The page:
A good practice advice is to read the ChangeLog file upon each package install or update, because functions can slightly be changed or patched, or arguments can change their default values and previous code that used to work in some way would give different results on the next run (detailed explanations on how functions work will be give at section 2.3 Command line mode).

One possible way to access the ChangeLog file (the text file mentioning each modification and addition that happens from one version to another) is to read it directly in the QCA webpage4 on CRAN, where a link to the ChangeLog file is automatically provided by the build system.

On the local computer, the ChangeLog file is located in the root of the package’s installation directory, which usually is:

• on Windows, in Program Files/R/R-3.3.3/library/QCA
• on MacOS, in /Users/your_username/Library/R/3.3/library/QCA/
• on Linux, in /home/your_username/R/architecture/version

Each of these paths may change depending of the version of R (for example 3.3.3 at the time of this writing) or depending on the Linux distribution (via the architecture string), whether on 32 bit or 64 bit etc.

Users are allowed to define a custom library installation directory, which would help not only to circumvent the version-dependent path, but also to avoid reinstalling all packages upon the release of a new version of R. As a bonus, it also helps working with multiple version of R in the same time (this is sometimes important for developers who want to test functionality for different versions).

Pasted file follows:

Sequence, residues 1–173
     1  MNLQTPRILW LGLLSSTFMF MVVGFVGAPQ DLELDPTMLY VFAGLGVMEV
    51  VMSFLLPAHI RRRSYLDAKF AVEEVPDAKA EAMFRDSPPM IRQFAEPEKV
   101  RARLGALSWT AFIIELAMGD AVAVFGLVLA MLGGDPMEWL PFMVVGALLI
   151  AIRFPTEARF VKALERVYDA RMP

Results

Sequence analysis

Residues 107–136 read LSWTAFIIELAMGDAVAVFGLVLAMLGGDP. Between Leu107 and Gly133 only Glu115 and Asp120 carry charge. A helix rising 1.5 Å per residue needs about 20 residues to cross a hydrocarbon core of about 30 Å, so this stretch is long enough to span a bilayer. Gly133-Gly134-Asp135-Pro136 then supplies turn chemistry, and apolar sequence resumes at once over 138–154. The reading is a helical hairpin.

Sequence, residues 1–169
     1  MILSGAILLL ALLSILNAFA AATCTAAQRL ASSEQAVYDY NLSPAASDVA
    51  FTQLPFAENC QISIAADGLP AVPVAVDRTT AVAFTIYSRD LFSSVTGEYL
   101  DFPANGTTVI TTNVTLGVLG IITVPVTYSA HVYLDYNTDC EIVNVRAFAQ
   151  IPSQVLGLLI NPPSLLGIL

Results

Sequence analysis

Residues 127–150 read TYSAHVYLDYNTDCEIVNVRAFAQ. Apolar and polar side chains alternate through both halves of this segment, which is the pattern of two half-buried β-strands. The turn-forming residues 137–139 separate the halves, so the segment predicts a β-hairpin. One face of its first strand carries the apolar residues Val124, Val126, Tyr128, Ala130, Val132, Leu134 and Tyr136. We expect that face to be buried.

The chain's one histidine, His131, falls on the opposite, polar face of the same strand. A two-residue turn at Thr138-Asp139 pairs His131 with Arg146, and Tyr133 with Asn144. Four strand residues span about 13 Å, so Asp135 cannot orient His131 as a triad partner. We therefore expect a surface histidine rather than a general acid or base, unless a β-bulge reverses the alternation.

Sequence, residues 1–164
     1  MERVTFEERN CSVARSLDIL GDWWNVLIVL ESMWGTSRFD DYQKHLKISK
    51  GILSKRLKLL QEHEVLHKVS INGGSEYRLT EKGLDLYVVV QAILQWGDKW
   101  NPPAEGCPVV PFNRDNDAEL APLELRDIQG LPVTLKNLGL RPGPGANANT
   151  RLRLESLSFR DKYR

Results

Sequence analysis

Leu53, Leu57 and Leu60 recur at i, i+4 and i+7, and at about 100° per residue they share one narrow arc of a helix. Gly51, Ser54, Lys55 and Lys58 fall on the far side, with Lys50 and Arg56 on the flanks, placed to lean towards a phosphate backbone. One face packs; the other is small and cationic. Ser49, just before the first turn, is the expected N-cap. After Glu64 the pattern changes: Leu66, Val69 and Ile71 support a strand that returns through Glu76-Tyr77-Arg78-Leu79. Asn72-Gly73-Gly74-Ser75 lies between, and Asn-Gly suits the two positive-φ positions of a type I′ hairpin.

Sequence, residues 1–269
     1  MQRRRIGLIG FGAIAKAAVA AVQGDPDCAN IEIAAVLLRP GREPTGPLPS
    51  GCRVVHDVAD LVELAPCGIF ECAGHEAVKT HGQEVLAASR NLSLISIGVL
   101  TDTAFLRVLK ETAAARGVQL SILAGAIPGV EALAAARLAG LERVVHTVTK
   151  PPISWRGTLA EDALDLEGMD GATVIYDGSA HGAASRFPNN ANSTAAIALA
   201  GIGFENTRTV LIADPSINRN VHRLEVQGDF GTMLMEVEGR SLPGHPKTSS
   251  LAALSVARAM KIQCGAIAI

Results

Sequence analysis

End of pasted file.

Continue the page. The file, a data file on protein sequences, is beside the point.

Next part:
Defining a custom installation directory is platform dependent (for example Linux users have to export the paths), therefore readers are encouraged to read more specific details on the ‘R Installation and Admin manual’ or via the help(Startup) command in R. Windows users may also want to take a look on the more automatic batchfiles package5 written by Gabor Grothendieck.

Once locating the installation directory of the QCA package, the actual content of the individual files (R code and its documentation) is not directly readable because the package is installed as a binary. However, the content is available in the source package, downloadable from the CRAN server.

Apart from the ChangeLog file, users may also be interested in the alternative help system which is located in the staticdocs subdirectory.

One thing that is likely important for all users is the so called “namespace” of the QCA package. R is a contributed software, with thousands of developers who constantly upload their work to CRAN. It is very likely that two or more developers to write functions using the same name (sometimes for completely different purposes), therefore R needed a way to avoid function name conflicts. The solution was to contain all function names in each package into a namespace, which protects the usage of some function names to a specific package.

Some other times, competing packages use the very same name for exactly the same purposes, and conflicts cannot be avoided. Users should be aware that precedence has the last loaded namespace, but to avoid such situations the best scenario is to refrain from using competing packages at the same time, or at least not in the same R environment. Starting R can be done in various ways, for example in the dedicated installed R user interface and also in the Terminal window.

## 2.3 Command line mode